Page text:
The leaders of Italy and France will sign a treaty on Friday to strengthen bilateral ties at a time when European diplomacy is being tested by the departure of German Chancellor Angela Merkel.
The Quirinale Treaty is aimed at enhancing cooperation between Paris and Rome in areas including defence, migration, the economy, culture and trade.
The signing ceremony comes shortly after a new coalition pact was agreed in Germany, ending 16 years of rule by Merkel, who was the undisputed leader of Europe and forged especially close ties with successive French leaders.
The new Berlin administration is expected to be more inward looking, especially at the start of its mandate, and both Paris and Rome are keen to deepen relations in a period clouded by economic uncertainty, the pandemic, a more assertive Russia, a rising China and a more disengaged United States.
“Macron’s intention is to create a new axis with Italy, while it is in Italy’s interest to hook up with the France-Germany duo,” said a senior Italian diplomatic source, who declined to be named.
Originally envisaged in 2017, negotiations on the new treaty ground to a halt in 2018 when a populist government took office in Rome and clashed with Macron over immigration.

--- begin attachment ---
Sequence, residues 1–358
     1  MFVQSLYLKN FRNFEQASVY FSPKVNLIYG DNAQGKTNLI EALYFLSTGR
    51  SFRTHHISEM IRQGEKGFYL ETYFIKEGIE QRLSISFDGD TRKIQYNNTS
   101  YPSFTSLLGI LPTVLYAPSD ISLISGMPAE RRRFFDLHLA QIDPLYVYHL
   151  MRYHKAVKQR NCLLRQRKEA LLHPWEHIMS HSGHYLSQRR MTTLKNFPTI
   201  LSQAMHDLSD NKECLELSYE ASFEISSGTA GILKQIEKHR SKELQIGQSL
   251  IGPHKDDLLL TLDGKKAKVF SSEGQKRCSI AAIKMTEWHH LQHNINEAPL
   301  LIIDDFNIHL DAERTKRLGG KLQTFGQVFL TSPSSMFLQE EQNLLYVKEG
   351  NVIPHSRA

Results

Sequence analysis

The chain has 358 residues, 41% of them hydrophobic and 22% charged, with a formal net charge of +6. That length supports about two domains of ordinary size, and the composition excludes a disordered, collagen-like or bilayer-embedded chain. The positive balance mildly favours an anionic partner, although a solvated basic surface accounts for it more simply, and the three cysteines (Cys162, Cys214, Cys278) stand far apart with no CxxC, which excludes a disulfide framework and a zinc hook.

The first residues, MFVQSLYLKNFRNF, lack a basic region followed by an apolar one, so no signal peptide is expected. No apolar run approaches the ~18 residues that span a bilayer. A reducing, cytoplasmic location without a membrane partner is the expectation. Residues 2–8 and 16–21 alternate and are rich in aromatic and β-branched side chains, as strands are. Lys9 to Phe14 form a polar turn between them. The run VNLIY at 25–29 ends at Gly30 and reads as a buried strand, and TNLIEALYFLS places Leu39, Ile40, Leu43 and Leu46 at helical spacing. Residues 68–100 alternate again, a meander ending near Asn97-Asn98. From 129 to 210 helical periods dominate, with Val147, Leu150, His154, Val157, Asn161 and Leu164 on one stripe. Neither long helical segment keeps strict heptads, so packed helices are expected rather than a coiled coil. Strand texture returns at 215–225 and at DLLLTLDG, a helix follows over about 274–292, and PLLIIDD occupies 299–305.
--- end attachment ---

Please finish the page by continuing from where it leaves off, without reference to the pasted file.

Relations hit a low in 2019 when Macron briefly recalled France’s ambassador to Italy, but there has been a renaissance this year following the appointment of former European Central Bank chief Mario Draghi to lead an Italian unity government.
A French diplomatic source rejected suggestions that the new axis between the European Union’s second and third largest economies represented any re-alignment of Paris’s diplomatic priorities.
“We have never played a jealousy triangle with European partners. These bilateral relations, when they are strong … complement each other,” the source said.
The Quirinale Treaty, named after the Italian president’s residence and loosely modelled on a 1963 Franco-German pact, is expected to lead to Paris and Rome seeking common ground ahead of EU summits, just as France already coordinates key European policy moves with Germany.
Full details of the pact have not been released but there will be special interest in sections covering economic ties and cooperation in strategic sectors.
French companies have invested heavily in Italy in recent years, but Italian politicians have accused Paris of being less forthcoming when Italian businesses seek cross-border deals.
Earlier this year, state-owned shipmaker Fincantieri’s bid to take over its French peer Chantiers de l’Atlantique collapsed, thwarted by EU competition issues.